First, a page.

Clinical laboratory professionals continue to maintain they should be in the first priority grouping, because they are in direct contact with the virus even if they are not directly interacting with patients. In the CAP virtual press conference streamed on Dec. 9, 2020, Godbey; Amy Karger, MD, PhD, faculty investigator at the University of Minnesota and Medical Director of MHealth Fairview Point-of-Care Testing; and Christine Wojewoda, MD, FCAP, Director of Clinical Microbiology at the University of Vermont Medical Center, made their case for early vaccination of medical laboratory workers.

“In the laboratory, they are encountering and handling thousands of samples that have active live virus in them,” said Karger, who called clinical laboratory staff and phlebotomists the “forgotten” frontline healthcare workers. “We’re getting 10,000 samples a day. That’s a lot of handling of infectious specimens, and we do want [staff] to be prioritized for vaccination.”

Karger continued to stress the vital role clinical laboratories play not only in COVID-19 testing but also in the functioning of the overall health system. She added that staff burnout is a concern since laboratory staff have been working “full throttle” since March.

“From an operational standpoint, we do need to keep our lab up and running,” she said. “We don’t want to have staff out such that we would have to decrease our testing capacity, which would have widespread impacts for our health system and state.”

Testing for Post-Vaccine Immunity

The CAP panelists also highlighted the need to prepare for the aftermath of widespread COVID-19 vaccinations—the need to test for post-vaccine immunity.

“It’s not routine practice to check antibody levels after getting a vaccine but given the heightened interest in COVID testing, we are anticipating there is going to be some increased in demand for post-vaccine antibody testing,” Karger said. “We’re at least preparing for that and preparing to educate our providers.”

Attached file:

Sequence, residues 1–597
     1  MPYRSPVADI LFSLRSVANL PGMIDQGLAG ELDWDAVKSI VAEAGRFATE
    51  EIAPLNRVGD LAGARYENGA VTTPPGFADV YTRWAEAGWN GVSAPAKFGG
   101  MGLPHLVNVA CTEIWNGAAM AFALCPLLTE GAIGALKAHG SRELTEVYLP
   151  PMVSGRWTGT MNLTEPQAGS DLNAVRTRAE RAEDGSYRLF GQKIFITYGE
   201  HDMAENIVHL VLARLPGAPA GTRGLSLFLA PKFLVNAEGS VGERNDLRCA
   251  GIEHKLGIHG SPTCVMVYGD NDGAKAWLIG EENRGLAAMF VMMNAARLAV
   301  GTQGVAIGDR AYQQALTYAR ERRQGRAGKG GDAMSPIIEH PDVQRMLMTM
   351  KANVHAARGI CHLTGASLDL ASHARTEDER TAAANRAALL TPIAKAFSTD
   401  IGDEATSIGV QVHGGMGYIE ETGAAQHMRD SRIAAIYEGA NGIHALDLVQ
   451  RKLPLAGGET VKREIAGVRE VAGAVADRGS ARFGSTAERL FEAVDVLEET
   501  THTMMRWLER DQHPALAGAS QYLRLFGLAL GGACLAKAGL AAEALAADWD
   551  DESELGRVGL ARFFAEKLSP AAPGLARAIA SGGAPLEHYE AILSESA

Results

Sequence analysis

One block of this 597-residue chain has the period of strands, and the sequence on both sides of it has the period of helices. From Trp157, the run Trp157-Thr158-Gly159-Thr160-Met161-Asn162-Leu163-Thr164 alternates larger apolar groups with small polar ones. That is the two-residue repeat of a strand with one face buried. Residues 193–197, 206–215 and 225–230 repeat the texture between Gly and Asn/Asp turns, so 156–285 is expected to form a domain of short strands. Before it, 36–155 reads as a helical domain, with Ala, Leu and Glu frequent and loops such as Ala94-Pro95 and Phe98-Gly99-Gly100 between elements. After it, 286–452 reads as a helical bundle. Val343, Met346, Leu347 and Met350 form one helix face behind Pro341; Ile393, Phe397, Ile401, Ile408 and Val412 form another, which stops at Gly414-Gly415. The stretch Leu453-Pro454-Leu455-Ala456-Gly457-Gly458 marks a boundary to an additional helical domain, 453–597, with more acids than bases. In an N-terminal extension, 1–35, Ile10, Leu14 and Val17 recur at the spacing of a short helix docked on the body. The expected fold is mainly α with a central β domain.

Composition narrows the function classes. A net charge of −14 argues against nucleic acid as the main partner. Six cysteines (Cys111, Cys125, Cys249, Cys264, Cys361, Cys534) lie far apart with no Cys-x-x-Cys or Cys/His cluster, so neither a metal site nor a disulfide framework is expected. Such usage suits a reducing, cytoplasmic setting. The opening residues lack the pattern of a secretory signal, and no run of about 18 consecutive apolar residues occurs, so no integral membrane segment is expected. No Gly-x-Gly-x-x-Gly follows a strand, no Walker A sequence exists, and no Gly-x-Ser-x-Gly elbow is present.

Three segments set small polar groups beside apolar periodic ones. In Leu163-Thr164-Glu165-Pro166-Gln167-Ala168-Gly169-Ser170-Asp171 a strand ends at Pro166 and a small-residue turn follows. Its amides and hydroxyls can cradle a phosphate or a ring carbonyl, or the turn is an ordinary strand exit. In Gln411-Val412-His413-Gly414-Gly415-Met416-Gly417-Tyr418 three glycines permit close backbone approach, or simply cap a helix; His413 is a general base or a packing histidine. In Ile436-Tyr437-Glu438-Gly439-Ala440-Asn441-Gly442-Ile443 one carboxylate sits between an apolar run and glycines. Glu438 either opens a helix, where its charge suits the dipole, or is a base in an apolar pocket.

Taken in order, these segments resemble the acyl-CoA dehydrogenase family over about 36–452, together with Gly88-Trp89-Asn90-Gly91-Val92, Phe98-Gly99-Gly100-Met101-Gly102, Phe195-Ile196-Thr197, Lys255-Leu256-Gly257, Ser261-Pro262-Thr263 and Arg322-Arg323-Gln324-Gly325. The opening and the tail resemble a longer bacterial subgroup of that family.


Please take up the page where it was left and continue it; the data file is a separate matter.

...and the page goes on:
Karger pointed out that clinical pathologists will play an important role in educating providers about the type of antibody tests necessary to test for COVID-19 immunity, because, she says, only the SARS-CoV-2 spike protein antibody test will check for an immune response.

With the pandemic expected to stretch far into 2021, clinical laboratories will continue to play a crucial role in the nation’s healthcare response to COVID-19. As essential workers in the fight against infectious disease, clinical pathologists, clinical chemists, and all medical laboratory staff should be prioritized as frontline healthcare workers.

—Andrea Downing Peck

Related Information:

Pathologists Want First Crack at COVID Vaccines

The Rapidly Changing COVID-19 Testing Landscape

Some Health Care Workers Getting the Vaccine. Other’s Aren’t. Who Decides?

The Advisory Committee on Immunization Practices’ Interim Recommendation for Allocating Initial Supplies of COVID-19 Vaccine–United States, 2020

CDC Appendix 2-Terminology: Infection Control in Healthcare Personnel

ASCP Letter: COVID-19 Vaccination Playbook for Jurisdictional Operations

Prioritizing the COVID-19 Vaccine to Protect Patient Access to DiagnosticsCMS Changes Medicare Payment to Support Faster COVID-19 Diagnostic Testing

CMS Proposes a New Rule That Would Shift Many Procedures from High-Cost Inpatient Healthcare Settings to Lower-Cost Outpatient Ambulatory Surgical Centers

If the proposed rule becomes final, it may shift some inpatient medical laboratory testing away from hospital labs and to independent clinical laboratories

Medical laboratories in hospitals and health systems already feel the pinch of less test orders originating from their own emergency departments (ED). Now, more tests associated with inpatient care might also shift away from hospital labs due to a new proposed rule from the federal Centers for Medicaid and Medicare Services (CMS) that would move 1,740 specific procedures from inpatient care settings to outpatient ambulatory surgical centers (ACS).

Further, the proposed rule would completely phase out the “inpatient only” (IPO) list of services over a three-year transitional period, with total elimination of the IPO list by Calendar Year (CY) 2024.

If finalized as written, the rule (CMS-1736-P) would have a negative impact on the finances of hospitals laboratories as more patients get their care in outpatient settings instead of their local hospitals.

Conversely, hospital outreach labs that service ambulatory surgical centers and other outpatient settings could have an opportunity to pick up more medical laboratory test referrals.